Training Terrain

When it comes to running, the road is what it is. It’s flat, hard, stable. As a surface it’s uninteresting, although running on road is not necessarily boring – if the scenery is good or the pace is hard, or if it’s uphill, then road running can be just as engaging as any other type of surface, but because of where I live, road running is the standard. I like to vary the pace of my workouts, I mix in cross training and, more recently, I’ve been adding more variety into the surfaces that I’ve been running on as well. 

The other surface I have closest access to is knotty ancient woodland trails. These woods also provide some decent hill training, undulating and chaotic as they are. Running here is a far more mentally and physically taxing experience, even at slower paces. In fact, it feels like a different sport altogether. Stride length falls shorter as I take faster, snappier steps, watching my feet as I take sharp turns, hopping over jutting tree roots, skidding around sloppy mud. Although my pace is naturally far slower than it is compared to my easy road pace, running in these woods feels fast because my whole body is moving, my actions are more explosive, and that feeling of flow seems to find me sooner in the peace of the woodland canopy. Beyond that, the environment is more therapeutic, and usually more interesting. 

I’m liable to see hares, muntjacs, birds of all varieties, frogs, mice, and countless bugs that I could never name. This morning as I came up out of the woods onto the bridleway that leads to my preferred entrance/exit, three horses raced by uphill on the paddock which backs onto the trail. I followed rather limply behind, on the human side of the path, as they galloped upwards with their riders. 

Outside of the woods I have challenged myself by heading out to the Norfolk coastal path again, which allows for plenty of opportunity to run on sand. When sand is wet and compact then it is a similar, though easier, experience to running on the woodland trails, particularly if the trail has seen some rain. When the sand is dry and loose however, it becomes a grueling challenge. Feet slip and slide in the grains, scrambling for purchase. It is so difficult that those first few steps on sand make you think that running on it is simply impossible. It is not. It just kinda sucks. There is a rhythm to be found though, and if you can find it then you can settle in and challenge your body in a unique way which, yet again, makes it feel as if you are competing at a completely different sport compared to road running.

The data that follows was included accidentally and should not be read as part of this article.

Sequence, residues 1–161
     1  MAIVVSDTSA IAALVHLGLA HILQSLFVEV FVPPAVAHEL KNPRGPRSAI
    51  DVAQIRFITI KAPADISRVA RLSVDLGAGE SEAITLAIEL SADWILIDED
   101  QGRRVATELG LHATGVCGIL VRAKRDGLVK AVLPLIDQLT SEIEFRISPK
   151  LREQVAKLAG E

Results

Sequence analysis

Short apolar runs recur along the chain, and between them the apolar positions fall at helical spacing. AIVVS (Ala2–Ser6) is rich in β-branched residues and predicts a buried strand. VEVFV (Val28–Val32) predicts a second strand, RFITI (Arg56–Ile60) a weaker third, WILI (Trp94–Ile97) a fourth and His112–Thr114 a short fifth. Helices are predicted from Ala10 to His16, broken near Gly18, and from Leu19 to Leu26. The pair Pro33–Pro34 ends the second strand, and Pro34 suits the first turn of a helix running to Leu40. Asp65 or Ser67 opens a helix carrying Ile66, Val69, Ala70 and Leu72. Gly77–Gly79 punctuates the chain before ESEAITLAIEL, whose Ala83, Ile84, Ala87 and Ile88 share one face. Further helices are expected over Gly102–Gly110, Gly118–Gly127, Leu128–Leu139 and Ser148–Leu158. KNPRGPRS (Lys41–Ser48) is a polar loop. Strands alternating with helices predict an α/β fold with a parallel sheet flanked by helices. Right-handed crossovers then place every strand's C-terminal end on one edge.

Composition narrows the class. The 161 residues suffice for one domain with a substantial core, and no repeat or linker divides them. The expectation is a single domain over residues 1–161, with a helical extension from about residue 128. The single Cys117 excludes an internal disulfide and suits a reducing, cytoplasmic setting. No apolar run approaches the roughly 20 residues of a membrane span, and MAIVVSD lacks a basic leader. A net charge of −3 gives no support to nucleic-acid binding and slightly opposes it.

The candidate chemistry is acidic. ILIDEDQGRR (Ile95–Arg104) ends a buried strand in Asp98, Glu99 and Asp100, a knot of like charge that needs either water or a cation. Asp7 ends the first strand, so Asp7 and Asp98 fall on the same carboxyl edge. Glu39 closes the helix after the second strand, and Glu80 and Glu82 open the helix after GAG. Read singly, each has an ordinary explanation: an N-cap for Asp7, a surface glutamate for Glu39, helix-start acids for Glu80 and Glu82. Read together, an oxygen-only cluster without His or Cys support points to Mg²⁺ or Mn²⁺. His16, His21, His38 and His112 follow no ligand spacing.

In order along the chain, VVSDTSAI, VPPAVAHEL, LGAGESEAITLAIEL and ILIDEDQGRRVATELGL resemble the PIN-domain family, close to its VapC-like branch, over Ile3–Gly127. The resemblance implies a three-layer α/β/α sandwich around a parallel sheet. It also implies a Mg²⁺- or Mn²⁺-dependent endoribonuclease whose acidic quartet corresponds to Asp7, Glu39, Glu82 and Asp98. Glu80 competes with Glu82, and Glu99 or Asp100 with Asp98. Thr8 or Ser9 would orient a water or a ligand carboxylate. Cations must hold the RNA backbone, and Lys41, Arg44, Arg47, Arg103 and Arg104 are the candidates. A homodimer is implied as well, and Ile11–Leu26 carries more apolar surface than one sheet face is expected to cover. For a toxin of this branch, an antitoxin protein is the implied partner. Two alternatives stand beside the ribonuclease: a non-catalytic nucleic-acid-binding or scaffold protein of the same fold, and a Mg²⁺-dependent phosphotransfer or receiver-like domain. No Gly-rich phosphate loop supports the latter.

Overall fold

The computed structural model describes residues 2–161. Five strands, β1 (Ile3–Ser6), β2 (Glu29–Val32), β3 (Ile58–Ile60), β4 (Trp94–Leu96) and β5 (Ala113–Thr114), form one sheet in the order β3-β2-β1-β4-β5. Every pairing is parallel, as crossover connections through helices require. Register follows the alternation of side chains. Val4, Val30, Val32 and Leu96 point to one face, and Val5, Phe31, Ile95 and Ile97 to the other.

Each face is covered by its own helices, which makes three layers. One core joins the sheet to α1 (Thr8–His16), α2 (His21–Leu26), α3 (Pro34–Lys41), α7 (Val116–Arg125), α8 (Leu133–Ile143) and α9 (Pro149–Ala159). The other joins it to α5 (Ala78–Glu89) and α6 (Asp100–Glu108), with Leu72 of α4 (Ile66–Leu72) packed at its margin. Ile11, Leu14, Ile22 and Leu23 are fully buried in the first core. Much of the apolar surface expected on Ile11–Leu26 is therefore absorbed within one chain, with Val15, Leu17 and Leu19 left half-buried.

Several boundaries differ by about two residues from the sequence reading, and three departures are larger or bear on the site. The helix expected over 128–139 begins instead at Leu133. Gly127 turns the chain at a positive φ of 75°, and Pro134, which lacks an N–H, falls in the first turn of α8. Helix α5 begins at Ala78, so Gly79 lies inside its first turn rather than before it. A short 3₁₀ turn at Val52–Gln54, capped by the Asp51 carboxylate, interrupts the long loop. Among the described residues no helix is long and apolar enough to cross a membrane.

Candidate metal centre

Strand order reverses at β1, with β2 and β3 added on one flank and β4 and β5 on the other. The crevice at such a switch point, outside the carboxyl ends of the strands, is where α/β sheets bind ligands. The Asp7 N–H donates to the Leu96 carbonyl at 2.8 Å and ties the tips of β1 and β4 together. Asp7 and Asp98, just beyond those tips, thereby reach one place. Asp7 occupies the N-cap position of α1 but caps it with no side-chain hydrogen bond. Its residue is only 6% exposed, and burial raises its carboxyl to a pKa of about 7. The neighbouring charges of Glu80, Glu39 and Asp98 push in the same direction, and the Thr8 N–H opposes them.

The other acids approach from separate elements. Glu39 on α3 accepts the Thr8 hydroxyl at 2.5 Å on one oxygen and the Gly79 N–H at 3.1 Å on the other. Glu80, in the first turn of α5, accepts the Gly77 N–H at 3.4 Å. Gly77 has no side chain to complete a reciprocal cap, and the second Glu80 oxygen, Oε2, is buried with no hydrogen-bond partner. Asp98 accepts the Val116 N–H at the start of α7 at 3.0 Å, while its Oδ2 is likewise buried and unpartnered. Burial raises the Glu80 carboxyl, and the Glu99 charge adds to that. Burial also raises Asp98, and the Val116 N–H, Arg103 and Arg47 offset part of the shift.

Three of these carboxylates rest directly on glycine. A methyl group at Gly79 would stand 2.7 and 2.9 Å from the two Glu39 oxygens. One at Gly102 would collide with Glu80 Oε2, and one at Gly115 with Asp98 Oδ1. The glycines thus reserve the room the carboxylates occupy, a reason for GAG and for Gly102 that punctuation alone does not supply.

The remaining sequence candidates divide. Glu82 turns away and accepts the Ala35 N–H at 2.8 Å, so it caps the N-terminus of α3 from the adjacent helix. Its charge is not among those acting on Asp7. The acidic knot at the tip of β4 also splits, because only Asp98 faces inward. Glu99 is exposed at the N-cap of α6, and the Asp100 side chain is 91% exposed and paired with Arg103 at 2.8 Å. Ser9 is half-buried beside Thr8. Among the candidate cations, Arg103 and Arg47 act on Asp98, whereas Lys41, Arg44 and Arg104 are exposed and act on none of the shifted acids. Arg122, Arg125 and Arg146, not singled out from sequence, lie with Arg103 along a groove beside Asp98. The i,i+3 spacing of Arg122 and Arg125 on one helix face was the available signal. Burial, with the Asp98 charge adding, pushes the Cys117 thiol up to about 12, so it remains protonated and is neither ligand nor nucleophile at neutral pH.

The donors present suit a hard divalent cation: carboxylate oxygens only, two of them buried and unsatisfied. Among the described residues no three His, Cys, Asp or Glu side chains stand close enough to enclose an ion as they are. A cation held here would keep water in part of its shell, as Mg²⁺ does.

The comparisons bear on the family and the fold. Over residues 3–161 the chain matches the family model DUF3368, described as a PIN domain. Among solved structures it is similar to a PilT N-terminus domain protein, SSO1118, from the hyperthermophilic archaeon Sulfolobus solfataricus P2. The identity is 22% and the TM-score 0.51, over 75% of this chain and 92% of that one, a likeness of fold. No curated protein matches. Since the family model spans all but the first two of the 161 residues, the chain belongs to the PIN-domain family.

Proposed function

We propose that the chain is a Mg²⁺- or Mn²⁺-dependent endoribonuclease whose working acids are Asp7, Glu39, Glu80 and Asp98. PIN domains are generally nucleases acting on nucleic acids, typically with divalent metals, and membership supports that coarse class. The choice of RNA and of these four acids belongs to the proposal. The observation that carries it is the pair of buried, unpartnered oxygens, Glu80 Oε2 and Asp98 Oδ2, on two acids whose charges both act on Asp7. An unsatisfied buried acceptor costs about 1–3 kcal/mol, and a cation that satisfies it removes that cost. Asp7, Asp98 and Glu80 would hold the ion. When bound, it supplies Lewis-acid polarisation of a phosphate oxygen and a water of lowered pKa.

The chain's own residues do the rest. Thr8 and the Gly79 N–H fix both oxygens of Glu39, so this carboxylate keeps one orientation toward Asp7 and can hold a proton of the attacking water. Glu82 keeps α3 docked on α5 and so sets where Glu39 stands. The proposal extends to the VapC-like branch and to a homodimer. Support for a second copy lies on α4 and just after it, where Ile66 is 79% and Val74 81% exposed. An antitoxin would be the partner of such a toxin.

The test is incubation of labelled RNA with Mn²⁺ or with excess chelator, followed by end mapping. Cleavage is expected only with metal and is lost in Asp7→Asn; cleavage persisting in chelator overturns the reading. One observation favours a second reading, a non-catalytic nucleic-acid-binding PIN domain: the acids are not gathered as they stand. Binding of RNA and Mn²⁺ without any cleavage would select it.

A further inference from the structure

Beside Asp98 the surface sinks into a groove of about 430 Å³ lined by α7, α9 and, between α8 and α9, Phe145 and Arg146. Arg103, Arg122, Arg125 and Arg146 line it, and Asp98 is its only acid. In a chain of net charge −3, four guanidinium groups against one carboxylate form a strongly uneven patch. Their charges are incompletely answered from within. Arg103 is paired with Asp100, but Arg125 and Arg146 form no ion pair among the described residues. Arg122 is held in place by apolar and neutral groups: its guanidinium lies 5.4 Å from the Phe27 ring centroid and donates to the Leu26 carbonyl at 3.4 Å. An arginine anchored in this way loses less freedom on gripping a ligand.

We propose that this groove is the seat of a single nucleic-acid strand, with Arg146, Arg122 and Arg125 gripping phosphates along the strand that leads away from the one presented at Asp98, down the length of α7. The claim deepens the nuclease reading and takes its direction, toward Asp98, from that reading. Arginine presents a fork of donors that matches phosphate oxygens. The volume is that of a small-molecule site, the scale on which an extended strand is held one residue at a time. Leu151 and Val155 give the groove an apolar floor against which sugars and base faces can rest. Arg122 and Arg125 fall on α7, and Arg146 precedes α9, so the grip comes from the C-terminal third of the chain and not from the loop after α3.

Plus the softness of the sand reduces the chance of impact injuries. The flipside of that is that you have to work harder because of the constantly shifting surface. Take this snippet from a Runners World article on the subject of beach running: 

‘[…]when you run on firm ground, less elastic energy, which is stored in your tendons, is absorbed, so you don’t have to work quite as hard. Sand doesn’t extend that courtesy. Instead, it absorbs that energy, meaning you have to generate more force with your muscles. Proof: A study published in The Journal of Experimental Biology found that running on sand actually requires 1.6 times as much energy expenditure as running on a firmer surface.

So it’s good for you, great. But I’ll be honest with you, the reason I care about running on the sand is because it feels good to be by the sea, to have fresh air in my lungs, and to hopefully have the sun on my skin. And if I’ve got the sea right there, then there are few greater feelings in the world than sinking aching limbs into chilly seawater post-workout. 

Variety is a key factor in my recent performance improvements, there’s no doubt about it, but I’m not really seeking it because of those benefits. I’m seeking it as a side-effect of being a bit more adventurous, of simply seeking some running freedom away from the pavement pounding of road running. 

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